If a kumquat tree loses leaves in winter, that's perfectly normal. It serves to protect the plant. The metabolism is shut down. Less nutrients are absorbed, so not as many nutrients must be used up. The darker the location, the more leaves the plant will lose. That is why a kumquat should be as bright as possible in winter.
- Why doesn't the kumquat bloom?
- Why does the Madagascar palm lose its leaves?
- Why does the Medinilla magnifica lose its leaves?
In summer a kumquat usually loses its leaves if the watering is not optimal. Then it is poured either too much or too little, or the irrigation water contains too much lime. Another reason could be insufficient humidity.
What do you do when the kumquat loses its leaves?
If your kumquat is losing its leaves, check your watering behavior first. The kumquat needs plenty of water, but it doesn't like too much either. Above all, it does not tolerate waterlogging, then its roots rot. Does the plant pot have a drainage layer or is the drain blocked? Then you should take remedial action immediately.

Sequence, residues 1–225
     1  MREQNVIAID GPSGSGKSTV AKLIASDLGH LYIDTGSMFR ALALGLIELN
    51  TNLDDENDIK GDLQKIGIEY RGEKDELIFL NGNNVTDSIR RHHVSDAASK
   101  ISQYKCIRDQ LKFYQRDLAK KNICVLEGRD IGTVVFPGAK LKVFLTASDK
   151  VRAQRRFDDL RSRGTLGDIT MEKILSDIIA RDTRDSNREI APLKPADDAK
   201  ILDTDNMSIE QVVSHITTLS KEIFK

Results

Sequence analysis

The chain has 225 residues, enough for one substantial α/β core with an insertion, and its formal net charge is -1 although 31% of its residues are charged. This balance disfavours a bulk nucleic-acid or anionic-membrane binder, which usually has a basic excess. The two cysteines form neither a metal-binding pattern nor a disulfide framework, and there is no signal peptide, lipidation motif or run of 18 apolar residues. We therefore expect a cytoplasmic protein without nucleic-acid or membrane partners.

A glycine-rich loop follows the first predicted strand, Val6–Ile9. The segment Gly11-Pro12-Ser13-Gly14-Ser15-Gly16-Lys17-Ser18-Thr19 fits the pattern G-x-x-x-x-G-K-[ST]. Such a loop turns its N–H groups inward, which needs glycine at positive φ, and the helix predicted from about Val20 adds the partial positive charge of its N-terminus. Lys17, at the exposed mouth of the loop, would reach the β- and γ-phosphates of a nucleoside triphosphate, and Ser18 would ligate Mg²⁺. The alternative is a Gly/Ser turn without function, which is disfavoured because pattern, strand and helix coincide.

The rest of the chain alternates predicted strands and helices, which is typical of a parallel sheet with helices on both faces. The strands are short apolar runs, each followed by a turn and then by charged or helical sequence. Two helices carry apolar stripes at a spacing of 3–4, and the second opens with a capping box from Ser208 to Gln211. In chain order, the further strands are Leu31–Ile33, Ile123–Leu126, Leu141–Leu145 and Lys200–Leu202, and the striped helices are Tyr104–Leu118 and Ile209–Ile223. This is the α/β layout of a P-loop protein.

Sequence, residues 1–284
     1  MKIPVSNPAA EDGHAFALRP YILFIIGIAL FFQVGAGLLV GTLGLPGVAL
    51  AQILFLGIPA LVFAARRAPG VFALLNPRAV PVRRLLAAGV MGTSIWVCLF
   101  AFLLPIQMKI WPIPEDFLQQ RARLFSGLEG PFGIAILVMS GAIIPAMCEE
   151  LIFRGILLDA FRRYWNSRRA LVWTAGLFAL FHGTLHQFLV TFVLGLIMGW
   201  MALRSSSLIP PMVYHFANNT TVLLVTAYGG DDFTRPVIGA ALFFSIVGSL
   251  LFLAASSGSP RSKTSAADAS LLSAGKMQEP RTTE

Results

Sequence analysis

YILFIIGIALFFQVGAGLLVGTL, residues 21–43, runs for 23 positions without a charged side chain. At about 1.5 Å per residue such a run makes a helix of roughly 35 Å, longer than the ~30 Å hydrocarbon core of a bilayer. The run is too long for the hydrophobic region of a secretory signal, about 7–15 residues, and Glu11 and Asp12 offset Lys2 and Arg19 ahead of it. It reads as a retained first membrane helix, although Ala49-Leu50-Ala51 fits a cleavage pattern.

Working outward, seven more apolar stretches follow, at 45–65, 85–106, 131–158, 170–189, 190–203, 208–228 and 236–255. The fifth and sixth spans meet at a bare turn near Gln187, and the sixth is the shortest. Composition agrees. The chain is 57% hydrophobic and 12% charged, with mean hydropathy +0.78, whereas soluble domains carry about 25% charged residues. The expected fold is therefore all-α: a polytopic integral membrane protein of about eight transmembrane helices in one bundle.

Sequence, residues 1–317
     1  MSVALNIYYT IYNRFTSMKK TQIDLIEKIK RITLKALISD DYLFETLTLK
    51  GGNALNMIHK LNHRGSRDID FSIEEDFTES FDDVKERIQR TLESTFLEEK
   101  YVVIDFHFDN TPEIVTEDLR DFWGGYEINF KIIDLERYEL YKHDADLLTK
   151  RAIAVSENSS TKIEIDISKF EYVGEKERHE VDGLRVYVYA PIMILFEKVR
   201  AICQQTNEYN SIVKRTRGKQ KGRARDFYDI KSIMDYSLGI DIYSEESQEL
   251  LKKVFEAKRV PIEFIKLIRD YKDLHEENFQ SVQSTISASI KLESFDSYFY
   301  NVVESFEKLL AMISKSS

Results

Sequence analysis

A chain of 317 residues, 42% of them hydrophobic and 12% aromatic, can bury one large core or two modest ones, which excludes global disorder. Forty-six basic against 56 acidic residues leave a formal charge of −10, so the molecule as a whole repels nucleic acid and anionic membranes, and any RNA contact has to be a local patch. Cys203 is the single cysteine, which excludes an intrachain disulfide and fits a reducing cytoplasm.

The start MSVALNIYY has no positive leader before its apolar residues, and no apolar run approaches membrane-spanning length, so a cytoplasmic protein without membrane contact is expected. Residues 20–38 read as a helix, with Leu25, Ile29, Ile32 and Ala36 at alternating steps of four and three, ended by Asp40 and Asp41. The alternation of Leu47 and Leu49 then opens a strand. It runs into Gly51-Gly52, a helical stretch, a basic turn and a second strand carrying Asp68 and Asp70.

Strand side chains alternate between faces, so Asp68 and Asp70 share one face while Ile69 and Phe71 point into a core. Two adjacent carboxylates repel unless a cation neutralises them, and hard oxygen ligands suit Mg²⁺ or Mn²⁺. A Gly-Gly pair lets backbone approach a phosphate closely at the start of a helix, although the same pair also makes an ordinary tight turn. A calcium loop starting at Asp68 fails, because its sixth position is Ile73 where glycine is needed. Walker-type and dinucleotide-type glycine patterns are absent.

If the humidity is too low, it will help to carefully spray the plant with lime-free water or to place a container filled with water near the plant. The evaporation increases the humidity. Another possibility is to put the bucket in a larger bucket filled with water, but elevated so that the excess irrigation water can run off freely and no waterlogging forms.
If you want to prevent leaf loss in winter, make sure that the location is as bright as possible. It does need the cool temperatures during hibernation so that it blooms again the following year. But she is not used to the dark season and the associated lack of light from her home.
The essentials in brief:
- Check the lime content in the irrigation water
- Check the pouring amount
- Check humidity
- create bright winter quarters
Tips & Tricks
The most common causes of leaf loss in summer are casting errors.